This book was so satisfying. Liir, son of Elphaba, comes into his own and after 266 pages, he begins to do incredible things to help other people, lead, unite, take the helm of his mother’s legacy. And it’s so realistic because he does it while still in a state of confusion and self-doubt, obstacles he never really overcomes (neither did Elphaba really). I love how everyone says to him “if only Elphaba was here to see this…” The Bird Congress aka Witch Nation (charged by Liir to be the eyes of Oz and share info with other species and humans to foil future despots), rides in the shape of a witch on a broom, and Liir rides in the position as the Eye of the Witch.
I loved it when he asked Nanny if she thought Elphaba will have a history and she said “She does already, ninnykins! I just saw her flying up the valley. Her cape went out behind her, a thousand bits in flight (the thousands of birds). Nearly touched the peaks to the left and the right. If that’s not a history, what is?” So, Liir GIVES her a history. I also like how sarcastic he becomes in the middle of the book, like his mother, after life kicks him around a lot, he lies in a coma, etc. At one point he says, “What condition? I’ve been in this condition my whole life. It’s the only condition I know. Bitter love, loneliness, contempt for corruption, blind hope. It’s where I live.” I also love how he becomes a man of wry humor and charm, accepting his fate of never knowing the answers. He tells Elphaba’s monkey “She always liked you better” and smiles at him. The monkey says “Considering who she was, is that a compliment or an insult?”
He poisons all the Emperor’s dragons, which in turn saves lives, achieves revenge on Cherrystone, frees the skies for the birds, unites two warring tribes who thought each other was doing the dragon-stuff. He thinks of a way to draw out the voices of the dead, which allows the She-Elephant to die properly. He still does not know if he is Elphaba’s son until the last sentence when he holds up his newborn daughter in the rain to clean her (after finding her dead, wrapped in Elphaba’s cloak, and he revives her). Her skin is green.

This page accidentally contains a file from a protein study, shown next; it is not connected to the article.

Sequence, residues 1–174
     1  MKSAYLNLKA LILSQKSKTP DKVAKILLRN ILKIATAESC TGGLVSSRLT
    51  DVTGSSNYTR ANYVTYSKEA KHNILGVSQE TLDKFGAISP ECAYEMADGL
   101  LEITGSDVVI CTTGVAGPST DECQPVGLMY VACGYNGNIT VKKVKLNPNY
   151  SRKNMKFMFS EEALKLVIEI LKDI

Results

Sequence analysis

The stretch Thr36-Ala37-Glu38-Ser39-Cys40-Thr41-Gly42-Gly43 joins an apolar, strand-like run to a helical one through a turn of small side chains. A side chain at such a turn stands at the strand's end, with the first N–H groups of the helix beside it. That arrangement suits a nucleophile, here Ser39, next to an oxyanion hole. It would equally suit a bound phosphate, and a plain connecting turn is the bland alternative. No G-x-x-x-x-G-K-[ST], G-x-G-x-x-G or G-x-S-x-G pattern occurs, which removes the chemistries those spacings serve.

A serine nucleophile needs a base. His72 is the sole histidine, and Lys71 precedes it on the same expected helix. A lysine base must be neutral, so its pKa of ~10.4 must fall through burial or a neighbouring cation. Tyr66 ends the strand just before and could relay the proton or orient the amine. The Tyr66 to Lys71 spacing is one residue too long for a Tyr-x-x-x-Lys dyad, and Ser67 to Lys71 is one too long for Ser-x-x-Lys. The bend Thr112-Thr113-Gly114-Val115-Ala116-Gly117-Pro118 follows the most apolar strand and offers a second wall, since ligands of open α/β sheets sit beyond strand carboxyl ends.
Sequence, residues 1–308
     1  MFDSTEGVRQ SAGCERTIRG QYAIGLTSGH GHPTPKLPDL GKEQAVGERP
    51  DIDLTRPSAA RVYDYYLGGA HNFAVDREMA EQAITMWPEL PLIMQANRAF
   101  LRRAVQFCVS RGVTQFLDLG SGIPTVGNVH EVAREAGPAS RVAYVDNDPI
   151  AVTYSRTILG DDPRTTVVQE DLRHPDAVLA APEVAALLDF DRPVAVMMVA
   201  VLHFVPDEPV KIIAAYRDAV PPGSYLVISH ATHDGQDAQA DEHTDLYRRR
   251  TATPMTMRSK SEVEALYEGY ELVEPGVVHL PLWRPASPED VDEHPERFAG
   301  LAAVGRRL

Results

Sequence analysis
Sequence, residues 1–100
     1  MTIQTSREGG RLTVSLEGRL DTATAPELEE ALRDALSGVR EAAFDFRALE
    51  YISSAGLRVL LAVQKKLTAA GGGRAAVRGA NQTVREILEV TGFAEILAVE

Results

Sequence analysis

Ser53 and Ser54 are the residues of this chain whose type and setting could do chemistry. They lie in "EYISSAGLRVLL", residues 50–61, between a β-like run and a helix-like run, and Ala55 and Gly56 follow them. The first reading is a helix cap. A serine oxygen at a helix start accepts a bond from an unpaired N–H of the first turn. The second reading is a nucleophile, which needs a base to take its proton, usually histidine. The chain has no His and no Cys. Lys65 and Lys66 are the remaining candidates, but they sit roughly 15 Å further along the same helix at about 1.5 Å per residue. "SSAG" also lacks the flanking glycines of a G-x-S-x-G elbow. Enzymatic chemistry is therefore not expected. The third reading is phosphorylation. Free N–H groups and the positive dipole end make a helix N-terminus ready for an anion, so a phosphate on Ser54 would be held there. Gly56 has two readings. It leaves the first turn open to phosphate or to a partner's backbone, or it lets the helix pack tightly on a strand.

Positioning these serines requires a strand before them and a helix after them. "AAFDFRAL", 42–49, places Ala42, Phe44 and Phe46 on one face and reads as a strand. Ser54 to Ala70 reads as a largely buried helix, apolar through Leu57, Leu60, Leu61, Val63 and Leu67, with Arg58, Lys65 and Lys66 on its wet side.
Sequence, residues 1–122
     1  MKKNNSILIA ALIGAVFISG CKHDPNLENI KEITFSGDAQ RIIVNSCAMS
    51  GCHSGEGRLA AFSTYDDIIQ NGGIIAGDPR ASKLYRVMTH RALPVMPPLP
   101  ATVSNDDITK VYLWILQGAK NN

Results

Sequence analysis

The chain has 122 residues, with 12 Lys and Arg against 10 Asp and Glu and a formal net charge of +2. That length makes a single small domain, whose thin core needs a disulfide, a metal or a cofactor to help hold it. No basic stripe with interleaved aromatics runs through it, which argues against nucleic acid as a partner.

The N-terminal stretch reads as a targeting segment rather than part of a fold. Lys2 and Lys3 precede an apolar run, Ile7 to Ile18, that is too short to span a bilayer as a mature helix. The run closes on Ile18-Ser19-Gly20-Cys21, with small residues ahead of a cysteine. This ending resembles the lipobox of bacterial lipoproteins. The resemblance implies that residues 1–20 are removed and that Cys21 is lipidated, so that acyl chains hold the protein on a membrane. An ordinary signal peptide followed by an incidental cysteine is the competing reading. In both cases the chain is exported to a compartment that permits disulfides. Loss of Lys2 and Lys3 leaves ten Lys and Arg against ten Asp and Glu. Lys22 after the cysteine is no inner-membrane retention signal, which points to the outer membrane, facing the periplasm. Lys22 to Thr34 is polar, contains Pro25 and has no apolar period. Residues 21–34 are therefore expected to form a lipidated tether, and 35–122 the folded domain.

NOTE: How Maguire is successful in using “perception” of different witnesses and participants to alter our “perception” of the well-known Oz Story is through characters who must act without “knowing all the answers” or “having enough information.” We all face that in life. There are those who do not act because of this lack of enough info, are held back, they are cautious, and they never do anything meaningful. And then there are those who do take risks and act (you will never have all the answers or enough info) and thus make/ change history. In the traditional Oz Story, all the risks Elphaba take are mis-perceived. So, it’s fascinating how he again uses this same tool for the story of Liir, and everything he does could be perceived as bad…but it’s not. Thus, the immense satisfaction. And then you get pieces of additional info that determine he was on the right track, confirm his decisions and actions. No misperception, redirection, just the story of a regular Joe-schmoe who does amazing things. “If only Elphaba was here to see this…” I’m talking about more than a mother’s pride and personal vindication. I’m talking about a righting of the wrongs in the world that her son engineers.
And again, I wonder if the son will love the granddaughter properly, being her only caretaker. Obviously yes, because of the way he cared for her immediately, again righting wrongs his mother committed against him. What kind of person will the granddaughter be, what legacy will she leave on the world? How will she carry the burden of Elphaba, the burden of being green. Will Liir ever find Nor?
Green: fresh as spring, dewy, not rotten. The first color I learned about in literary symbolism. The green light of Daisy’s house that Jay Gatsby stares at across the water all the time. It meant HOPE, renewal, fresh new growth, a new beginning.